This week, the inquest into the death a beautifully lovely girl began-she was a former student of mine. She was a rare, exceptionally kind, bright, well-loved girl. I wept a lot when she died; I’ve cried a lot this week. And I’m just a former teacher who liked & admired her. I cannot fathom the pain & heaviness for her family & friends. This is my thought today:
I just had an interesting couple of conversations with my Aunt & Uncle in Ghana whose mum just died today. I called to see how they both are, expecting sad or heavy emotions but instead they both answered the phone with their usual cheery banter. Then we laughed and did our usual mickey-taking ‘hello old woman/man’ repartee in Twi, our Ghanaian language. And they weren’t faking or putting on a brave face.
When I asked how they are each, separately, said there fine. But the interesting part was that my Aunt responded saying ‘How can I not be? I have your Grandma here, my family, so I am not alone, we are together and so we are fine’ (paraphrased).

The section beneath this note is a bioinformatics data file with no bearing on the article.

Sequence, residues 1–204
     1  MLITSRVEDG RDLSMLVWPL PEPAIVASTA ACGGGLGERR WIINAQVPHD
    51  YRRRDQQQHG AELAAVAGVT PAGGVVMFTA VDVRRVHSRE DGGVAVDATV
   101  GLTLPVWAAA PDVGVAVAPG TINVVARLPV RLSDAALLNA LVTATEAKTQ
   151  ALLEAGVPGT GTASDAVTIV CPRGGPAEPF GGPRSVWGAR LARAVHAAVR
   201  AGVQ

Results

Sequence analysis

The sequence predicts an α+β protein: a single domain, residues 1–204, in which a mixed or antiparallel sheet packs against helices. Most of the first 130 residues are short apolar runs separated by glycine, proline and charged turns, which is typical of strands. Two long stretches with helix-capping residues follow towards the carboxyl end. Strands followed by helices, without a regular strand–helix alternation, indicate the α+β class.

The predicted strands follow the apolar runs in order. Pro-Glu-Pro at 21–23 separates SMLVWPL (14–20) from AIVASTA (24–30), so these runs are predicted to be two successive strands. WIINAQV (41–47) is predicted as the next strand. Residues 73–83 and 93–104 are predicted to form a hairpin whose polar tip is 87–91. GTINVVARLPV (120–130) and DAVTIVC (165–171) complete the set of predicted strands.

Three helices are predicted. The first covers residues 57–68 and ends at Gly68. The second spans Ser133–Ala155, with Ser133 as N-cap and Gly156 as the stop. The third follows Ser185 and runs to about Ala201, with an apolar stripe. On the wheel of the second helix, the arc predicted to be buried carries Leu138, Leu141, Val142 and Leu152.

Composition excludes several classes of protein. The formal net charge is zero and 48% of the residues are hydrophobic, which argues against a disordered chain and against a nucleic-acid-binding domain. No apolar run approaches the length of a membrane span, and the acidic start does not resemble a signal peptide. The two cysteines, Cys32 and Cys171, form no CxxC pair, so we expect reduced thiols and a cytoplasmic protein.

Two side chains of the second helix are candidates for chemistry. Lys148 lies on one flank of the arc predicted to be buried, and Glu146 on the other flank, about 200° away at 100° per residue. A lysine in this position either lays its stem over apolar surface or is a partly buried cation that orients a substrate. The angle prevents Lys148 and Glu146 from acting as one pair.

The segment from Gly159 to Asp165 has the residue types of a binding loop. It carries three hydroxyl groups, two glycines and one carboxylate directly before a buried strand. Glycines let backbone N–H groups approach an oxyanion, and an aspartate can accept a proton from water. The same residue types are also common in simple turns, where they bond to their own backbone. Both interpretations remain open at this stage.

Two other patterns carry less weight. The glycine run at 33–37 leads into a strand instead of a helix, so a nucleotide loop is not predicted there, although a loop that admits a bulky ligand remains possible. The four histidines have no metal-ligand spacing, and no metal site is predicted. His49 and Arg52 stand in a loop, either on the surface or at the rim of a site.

And my ever piss-taking, professional wind-up Uncle echoed that when I later spoke to him, saying ‘Ah but at this age it is only a blessing, what else will happen? So it’s nothing to be sad or surprised about. It is fine.’
Now to western ears this may sound cold or ‘in denial’ but rather I think it reflects the general attitude of ‘joy balanced with pragmatism’ that permeates Ghanaian culture.
They’ll bury their mother tomorrow, within 24hours in line with her religion (not theirs as he’s, I think, either an apathetic theist or agnostic, & my Aunt is Christian). And at her funeral, there’ll be weeping (loudly!) in the Ghanaian style, but there’ll also be dancing. Balancing the sorrow with celebration. And it will be BIG. And no one will be alone.